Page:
Date of Award

7-3-2007

Degree Type

Dissertation

Degree Name

Doctor of Philosophy (PhD)

Department

Counseling and Psychological Services

First Advisor

JoAnna F. White, Ed.D. - Chair

Second Advisor

Greg Brack, Ph.D

Third Advisor

Catharina Chang, Ph.D.

Fourth Advisor

Catherine Brack

Abstract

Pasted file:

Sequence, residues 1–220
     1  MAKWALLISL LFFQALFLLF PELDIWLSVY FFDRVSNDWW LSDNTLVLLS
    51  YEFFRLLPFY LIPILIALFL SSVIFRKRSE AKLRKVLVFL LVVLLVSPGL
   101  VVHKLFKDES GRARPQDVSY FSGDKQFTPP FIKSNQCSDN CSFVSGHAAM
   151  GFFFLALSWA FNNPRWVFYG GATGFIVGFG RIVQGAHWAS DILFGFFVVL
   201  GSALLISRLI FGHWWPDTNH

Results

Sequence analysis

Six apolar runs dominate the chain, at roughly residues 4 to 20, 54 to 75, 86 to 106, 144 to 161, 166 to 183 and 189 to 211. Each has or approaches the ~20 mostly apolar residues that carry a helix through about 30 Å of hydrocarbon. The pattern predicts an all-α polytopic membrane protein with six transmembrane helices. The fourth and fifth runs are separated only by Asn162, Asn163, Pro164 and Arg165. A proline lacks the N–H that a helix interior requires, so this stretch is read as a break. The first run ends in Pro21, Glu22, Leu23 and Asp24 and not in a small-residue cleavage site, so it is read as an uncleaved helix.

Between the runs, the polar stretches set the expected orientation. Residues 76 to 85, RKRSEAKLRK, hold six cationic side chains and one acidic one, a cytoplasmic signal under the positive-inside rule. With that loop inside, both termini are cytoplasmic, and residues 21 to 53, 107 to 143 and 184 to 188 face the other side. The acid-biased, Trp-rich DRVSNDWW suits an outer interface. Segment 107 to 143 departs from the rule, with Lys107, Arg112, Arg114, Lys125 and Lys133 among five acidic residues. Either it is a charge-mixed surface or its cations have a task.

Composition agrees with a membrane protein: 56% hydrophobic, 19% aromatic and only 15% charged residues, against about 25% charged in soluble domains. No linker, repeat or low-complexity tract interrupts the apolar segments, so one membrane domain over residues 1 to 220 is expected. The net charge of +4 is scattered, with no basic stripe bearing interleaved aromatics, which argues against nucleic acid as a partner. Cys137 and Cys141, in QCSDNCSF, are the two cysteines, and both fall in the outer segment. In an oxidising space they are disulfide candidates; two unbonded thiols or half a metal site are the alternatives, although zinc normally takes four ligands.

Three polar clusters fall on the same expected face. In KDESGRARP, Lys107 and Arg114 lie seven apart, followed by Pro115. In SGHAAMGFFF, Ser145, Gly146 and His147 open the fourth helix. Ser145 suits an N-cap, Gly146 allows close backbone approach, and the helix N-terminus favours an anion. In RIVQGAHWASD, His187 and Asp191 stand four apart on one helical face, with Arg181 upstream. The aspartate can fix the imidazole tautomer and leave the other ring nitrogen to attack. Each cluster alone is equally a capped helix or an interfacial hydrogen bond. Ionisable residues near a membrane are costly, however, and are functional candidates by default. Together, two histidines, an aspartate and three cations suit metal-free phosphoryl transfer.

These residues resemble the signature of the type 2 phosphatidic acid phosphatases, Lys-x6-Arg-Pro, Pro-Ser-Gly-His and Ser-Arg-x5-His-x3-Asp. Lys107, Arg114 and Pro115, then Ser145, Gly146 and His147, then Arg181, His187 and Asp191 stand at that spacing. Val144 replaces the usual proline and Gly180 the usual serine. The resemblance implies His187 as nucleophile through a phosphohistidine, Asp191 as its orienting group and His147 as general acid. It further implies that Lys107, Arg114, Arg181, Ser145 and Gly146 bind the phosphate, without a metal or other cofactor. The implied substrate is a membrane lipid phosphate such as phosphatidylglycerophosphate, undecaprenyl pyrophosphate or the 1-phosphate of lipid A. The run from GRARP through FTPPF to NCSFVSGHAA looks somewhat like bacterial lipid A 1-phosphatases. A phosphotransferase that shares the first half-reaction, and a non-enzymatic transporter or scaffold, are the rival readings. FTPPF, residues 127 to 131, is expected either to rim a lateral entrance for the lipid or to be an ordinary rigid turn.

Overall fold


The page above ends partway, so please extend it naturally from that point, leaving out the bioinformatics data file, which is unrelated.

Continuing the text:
ABSTRACT MATERNAL PERCEPTIONS AND RESPONSES TO CHILD SEXUAL ABUSE by Elizabeth U. Willingham Child sexual abuse (CSA) is a complex phenomenon that requires various levels of intervention to address the safety, recovery, and prevention needs of children and families who have experienced victimization. Although there is a large body of literature that has identified and examined many aspects of CSA (Putnam, 2003), less is known about nonoffending caregivers of sexually abused children. The one consistent finding across studies that have investigated CSA, nonoffending caregivers, and traumatic stress in children is the importance the of child-caregiver relationship in facilitating recovery (Elliot & Carnes, 2001; Scheeringa & Zeanah, 2001). CSA is stressful for both the child and the caregiver, and it affects the child-caregiver relationship. Studies are needed to determine the underlying factors and processes that contribute to nonoffending caregivers’ stress and coping responses, supportive and protective reactions, and intervention needs as they relate to supporting their children’s recovery and healing the family unit. This exploratory study examined the phenomenological experiences of mothers whose children had been sexually abused. In-depth exploration and systematic analysis of mothers’ perceptions about their children’s victimization, their reaction, and their distress using constructivist grounded theory methods (Charmaz & Corbin, 2005) provided a better understanding of the mothers’ collective experience and response. This study used theoretical sampling (Miles & Huberman, 1994) for participant selection. The researcher interviewed 14 mothers of children who had been sexually abused and had received services at a child advocacy center. Two key informants were also interviewed to obtain a detailed conceptualization of the theoretical and practical aspects of the programs and services at the child advocacy. The findings from this naturalistic, phenomenological inquiry revealed that the mothers experienced crisis and traumatic distress following their children’s disclosure. The findings also showed that even in the midst of traumatic distress and grief, the mothers did believe and protect their children. In addition, the results of this study highlight how maternal supportive responses are interdependent on numerous factors, especially their capacity to cope with past abuse, current distress, and their level of emotional and financial dependency on their child’s perpetrator.

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